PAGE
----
Jaw Injuries on the Athletic Field

Now that school is back in session and many of our kids are returning to organized athletic activities, it’s time to talk a little bit about jaw injuries on the athletic field. Certainly there is a great deal of information in the news media about concussion and sports-related injuries – especially for heavy contact sports like football and rugby or combat-related athletics like boxing and martial arts. But anytime your child sustains a body hit or blow to the head during a sporting event or physical activity, a tooth or jaw injury may also occur secondary to any other potential injuries to the head and neck.

The most common secondary effect of physical impact on the athletic field is the tendency for the teeth to slam together in reaction to the hit. Even an indirect blow to the body can sometimes force the lower jaw to slam hard enough into the upper jaw that fractured teeth or even a fractured jaw bone may result. A properly-fitted sportsguard is specifically designed to protect your child from these types of injuries. A sportsguard provides a cushion that not only keeps the teeth from slamming into one another, but also holds the joint space a little more open in order to provide some additional protection against a possible fracture in the base of the skull or jaw.

Sportsguards are commonly available in most drugstores and online. It is important that the guard fits your child correctly, and that it is not too big or too small to offer adequate protection. Custom-fabricated sportsguards are also available in our office, and I am always happy to look at an over-the-counter guard to make sure it fits your child properly. But remember, even with a sportsgaurd in place, sometimes injury to your child’s jaw or teeth can still occur.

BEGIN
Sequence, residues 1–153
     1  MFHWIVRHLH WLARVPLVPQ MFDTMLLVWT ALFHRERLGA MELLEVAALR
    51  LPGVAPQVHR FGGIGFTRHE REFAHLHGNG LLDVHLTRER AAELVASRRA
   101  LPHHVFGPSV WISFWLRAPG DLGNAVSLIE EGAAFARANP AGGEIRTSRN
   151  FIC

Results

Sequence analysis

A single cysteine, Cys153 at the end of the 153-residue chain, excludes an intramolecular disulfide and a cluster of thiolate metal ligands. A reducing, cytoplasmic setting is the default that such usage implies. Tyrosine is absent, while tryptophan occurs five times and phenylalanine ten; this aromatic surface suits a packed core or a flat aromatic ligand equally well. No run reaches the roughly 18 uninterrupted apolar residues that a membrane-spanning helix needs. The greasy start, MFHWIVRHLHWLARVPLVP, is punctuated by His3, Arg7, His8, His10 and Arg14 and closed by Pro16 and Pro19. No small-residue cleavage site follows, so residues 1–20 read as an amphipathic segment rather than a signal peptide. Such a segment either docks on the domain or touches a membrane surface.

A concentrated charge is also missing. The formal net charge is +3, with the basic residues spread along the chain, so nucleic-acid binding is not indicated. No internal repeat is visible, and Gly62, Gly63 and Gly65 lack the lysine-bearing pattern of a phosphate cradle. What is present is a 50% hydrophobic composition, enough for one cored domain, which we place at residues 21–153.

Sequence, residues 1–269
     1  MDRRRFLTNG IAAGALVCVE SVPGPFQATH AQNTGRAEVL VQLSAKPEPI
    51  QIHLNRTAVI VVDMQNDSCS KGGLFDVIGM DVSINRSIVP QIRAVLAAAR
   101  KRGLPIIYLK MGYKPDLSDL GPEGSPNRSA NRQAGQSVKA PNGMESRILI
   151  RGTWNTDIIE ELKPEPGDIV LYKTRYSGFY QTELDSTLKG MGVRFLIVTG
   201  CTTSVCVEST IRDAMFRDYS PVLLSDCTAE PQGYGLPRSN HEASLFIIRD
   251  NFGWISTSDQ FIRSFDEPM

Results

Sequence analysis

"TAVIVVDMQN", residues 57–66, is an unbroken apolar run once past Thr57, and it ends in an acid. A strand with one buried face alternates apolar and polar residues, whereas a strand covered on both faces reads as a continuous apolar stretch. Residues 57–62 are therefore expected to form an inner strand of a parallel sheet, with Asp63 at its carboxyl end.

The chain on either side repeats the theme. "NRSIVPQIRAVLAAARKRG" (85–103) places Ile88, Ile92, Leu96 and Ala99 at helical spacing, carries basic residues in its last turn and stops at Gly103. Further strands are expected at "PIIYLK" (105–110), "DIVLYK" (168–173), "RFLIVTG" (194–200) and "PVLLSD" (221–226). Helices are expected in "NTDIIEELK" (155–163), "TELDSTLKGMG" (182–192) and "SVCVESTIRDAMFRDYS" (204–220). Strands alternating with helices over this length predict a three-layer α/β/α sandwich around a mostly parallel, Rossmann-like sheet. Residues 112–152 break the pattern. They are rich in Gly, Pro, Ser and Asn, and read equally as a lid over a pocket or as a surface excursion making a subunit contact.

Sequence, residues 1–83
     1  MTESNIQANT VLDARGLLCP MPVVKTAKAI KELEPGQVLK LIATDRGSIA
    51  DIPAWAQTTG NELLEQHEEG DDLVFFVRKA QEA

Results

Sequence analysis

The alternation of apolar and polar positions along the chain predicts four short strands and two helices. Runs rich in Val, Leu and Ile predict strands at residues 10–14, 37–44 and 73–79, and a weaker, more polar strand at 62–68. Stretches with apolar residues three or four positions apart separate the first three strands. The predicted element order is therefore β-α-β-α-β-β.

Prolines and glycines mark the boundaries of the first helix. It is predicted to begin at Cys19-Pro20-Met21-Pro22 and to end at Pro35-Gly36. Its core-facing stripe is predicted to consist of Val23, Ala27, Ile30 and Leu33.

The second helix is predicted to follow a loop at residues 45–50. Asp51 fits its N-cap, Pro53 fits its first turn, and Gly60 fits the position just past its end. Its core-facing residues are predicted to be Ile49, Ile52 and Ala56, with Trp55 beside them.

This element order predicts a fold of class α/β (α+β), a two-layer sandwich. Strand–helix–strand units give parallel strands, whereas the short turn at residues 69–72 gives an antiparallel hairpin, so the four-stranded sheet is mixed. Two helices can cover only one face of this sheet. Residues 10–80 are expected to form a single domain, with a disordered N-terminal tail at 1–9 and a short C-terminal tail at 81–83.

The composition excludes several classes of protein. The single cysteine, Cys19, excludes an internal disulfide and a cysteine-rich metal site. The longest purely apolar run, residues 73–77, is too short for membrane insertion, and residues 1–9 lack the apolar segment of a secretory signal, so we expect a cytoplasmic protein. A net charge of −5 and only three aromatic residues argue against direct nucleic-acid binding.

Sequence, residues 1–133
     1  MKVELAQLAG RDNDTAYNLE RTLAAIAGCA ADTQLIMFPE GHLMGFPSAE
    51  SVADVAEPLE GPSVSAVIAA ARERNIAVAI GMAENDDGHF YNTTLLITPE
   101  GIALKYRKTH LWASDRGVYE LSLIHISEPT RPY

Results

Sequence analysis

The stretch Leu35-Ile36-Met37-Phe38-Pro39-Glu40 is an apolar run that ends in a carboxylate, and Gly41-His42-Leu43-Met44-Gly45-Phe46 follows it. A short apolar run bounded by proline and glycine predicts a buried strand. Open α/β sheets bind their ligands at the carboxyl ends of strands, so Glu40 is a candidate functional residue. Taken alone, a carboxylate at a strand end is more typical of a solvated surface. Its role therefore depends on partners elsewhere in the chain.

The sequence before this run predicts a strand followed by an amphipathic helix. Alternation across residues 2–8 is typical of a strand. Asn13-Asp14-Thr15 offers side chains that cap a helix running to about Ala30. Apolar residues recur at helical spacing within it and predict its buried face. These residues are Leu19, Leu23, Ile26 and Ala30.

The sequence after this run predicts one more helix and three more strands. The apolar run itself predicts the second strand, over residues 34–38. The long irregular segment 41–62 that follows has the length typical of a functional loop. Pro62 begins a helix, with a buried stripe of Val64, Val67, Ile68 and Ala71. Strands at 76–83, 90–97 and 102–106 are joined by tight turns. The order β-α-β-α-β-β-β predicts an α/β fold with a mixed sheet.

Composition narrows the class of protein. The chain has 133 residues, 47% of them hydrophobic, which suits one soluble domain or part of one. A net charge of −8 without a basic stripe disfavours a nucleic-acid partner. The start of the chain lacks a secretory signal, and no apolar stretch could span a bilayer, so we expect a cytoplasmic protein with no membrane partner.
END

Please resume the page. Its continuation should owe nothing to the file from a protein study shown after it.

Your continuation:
Whiplash to the jaw is an especially common injury associated with sports-related impact. When your child’s head is thrown off the center of the neck as a result of a direct hit to the head or body, the lower jaw tends to be thrown with equal force in the opposite direction. Just as the muscles and ligaments in the neck can be overstretched into a whiplash injury when this happens, so can the muscles and ligaments of the jaw. A sportsgaurd can be of some protection against a jaw whiplash, particularly if your child’s teeth happen to be resting against it at the moment of impact, reducing the free-swing action of the lower jaw, but not always.

Sometimes a jaw whiplash is fairly minor, resulting in a little soreness in the cheek muscles that resolves within a week or so. Frequently, however, the symptoms of jaw whiplash do not show up until 7 to 10 days after the injuring incident. These symptoms can include jaw pain, headaches, ear pain, and even tooth pain. Your child may not make the connection that these symptoms are possibly related to the fall or hit they took on the athletic field a week or more ago, but you should be on the lookout for them.

A short time in a nightguard or splint to help support the jaw during healing, combined with some massage or physical therapy, may be all your child might need to mitigate the sometimes debilitating pain of a whiplash injury to the jaw. For even more information and some ideas on home care for an injured jaw, please take a look at the newest installment in my ongoing series on headaches entitled Jaw Injuries and Muscle Strain.

As always, I encourage you to call the office with questions or to schedule an appointment to have your child evaluated if you suspect he or she may have a jaw or tooth injury.

Martha (Signature)